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14¢ later: Canadian dollar forecast to spike as high as 87¢ next year

14¢ later: Canadian dollar forecast to spike as high as 87¢ next year

Briefing highlights

  • Loonie forecast to spike further
  • Markets at a glance
  • Roots files for IPO
  • BoE paves way for rate hike

A dime ago

Remember 73 cents?

That's where the Canadian dollar stood as recently as early May.

We're now almost a dime later, and the loonie is forecast to spike higher still, possibly to 87 cents by the end of next year, or about 14 cents ahead of where we were in the spring.

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That's the latest projection from Bank of Nova Scotia. JPMorgan Chase sees a far faster surge, to 86 cents by the first quarter of 2018.

Others aren't as bullish as Scotiabank and JPMorgan. But many analysts have nonetheless revised their forecasts, and see the loonie climbing in the wake of the Bank of Canada's sudden summer shift.

A jolt, actually. First it changed its tone, then raised its benchmark interest rate twice in a row, to 1 per cent, which has analysts redrawing their rate-hike forecasts, too.

"Even more rate increases would be required in 2018 were it not for our expectation that the Canadian dollar will appreciate substantially over the coming year and act to cool growth and inflation somewhat," Scotiabank chief economist Jean-François Perrault said in the bank's new outlook.

Mr. Perrault now sees the currency at 83 cents (U.S.) by the end of this year, and 87 cents by the end of next.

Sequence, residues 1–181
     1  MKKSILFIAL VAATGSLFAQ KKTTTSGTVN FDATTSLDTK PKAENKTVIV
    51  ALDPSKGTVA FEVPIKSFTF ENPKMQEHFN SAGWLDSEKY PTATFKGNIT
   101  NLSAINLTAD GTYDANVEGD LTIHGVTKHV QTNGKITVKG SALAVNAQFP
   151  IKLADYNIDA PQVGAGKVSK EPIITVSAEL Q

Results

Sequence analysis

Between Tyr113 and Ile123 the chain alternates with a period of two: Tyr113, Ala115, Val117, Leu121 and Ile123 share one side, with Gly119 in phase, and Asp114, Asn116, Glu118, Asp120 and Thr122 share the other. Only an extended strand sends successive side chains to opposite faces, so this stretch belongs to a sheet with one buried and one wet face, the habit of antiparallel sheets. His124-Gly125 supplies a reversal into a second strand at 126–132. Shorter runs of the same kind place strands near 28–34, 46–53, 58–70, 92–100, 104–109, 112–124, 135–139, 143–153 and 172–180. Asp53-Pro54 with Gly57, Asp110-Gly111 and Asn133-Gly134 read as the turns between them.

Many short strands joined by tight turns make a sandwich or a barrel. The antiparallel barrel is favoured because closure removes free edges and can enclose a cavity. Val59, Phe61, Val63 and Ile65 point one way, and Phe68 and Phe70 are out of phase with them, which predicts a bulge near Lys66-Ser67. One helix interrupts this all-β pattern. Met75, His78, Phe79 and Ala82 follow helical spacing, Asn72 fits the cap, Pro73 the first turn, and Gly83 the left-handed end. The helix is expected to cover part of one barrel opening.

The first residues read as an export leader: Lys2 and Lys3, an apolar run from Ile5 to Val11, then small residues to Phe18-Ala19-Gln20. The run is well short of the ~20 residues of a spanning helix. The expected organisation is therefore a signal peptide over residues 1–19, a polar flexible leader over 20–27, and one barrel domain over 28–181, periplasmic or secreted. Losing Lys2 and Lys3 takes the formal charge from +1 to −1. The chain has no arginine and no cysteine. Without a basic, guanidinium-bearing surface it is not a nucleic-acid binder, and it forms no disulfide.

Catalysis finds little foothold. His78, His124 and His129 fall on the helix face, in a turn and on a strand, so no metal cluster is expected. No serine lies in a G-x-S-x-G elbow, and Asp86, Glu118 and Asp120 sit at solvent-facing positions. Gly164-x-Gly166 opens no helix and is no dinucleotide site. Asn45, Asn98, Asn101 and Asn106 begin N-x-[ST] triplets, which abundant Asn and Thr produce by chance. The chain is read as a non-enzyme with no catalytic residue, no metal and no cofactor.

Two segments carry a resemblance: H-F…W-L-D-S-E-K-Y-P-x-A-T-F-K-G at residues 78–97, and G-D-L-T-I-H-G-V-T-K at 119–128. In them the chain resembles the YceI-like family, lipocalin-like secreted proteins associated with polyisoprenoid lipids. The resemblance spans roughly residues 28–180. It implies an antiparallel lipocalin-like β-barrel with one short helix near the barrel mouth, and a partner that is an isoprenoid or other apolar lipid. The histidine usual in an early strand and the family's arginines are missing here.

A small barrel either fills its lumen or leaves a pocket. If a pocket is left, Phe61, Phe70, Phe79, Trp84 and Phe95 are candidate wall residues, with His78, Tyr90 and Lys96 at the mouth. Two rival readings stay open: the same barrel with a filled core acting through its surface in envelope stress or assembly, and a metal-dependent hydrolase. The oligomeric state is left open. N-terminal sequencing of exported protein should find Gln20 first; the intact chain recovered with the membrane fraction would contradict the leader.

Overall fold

"This is based on our view that Canadian interest rates will rise more rapidly than expected at present by the market and narrow the rate differential between Canada and the U.S. amidst a continued global move away from the U.S. dollar," he said.

"Oil is not anticipated to have much influence over the loonie through next year given that we forecast a relatively flat profile for crude over this time."

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Like Scotiabank, JPMorgan sees the Bank of Canada's key overnight rate rising faster than some other observers project, to 2.25 per cent by the end of 2018.

That prompted the U.S. bank to sharply revise its outlook for the dollar, to 86 cents in the first quarter from its earlier projection of just below 76 cents, because its earlier "cautious" assumption has been shattered in two ways, said JPMorgan's Daniel Hui.

"First is the continued growth breakout in Canada," Mr. Hui said, citing the second quarter's economic expansion at an annual pace of 4.5 per cent, itself following three strong quarters averaging 3.5 per cent.

The second factor is, of course, the marked shift by the Bank of Canada to now signal "a likely steady path of policy normalization, in spite of the same undershooting core inflation trend, which has kept Fed policy pricing depressed."

Despite cool so-called core inflation, which excludes volatile prices, the "BoC's confidence is probably reinforced by the fact that their primary indicator for overall economic slack comes from their estimates of GDP-based output gap (contrasted with the Fed's primary focus on the unemployment rate)," Mr. Hui said.

"With the recent string of upside quarterly growth surprises, the BoC's estimates of output gap has rapidly closed to 1 per cent from 3 per cent a year ago, causing BoC to have successively pulled up anticipated timing of output gap closure from an earlier estimated mid-18, to end-17 in the July [monetary policy report]."

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Others aren't as strong in their outlook.

Royal Bank of Canada, for example, sees the currency ending this year at just shy of 81 cents, and next year at below 79.5 cents.

Bank of Montreal, in turns, puts the loonie at 80 cents by the end of 2017, and 83 cents a year later.

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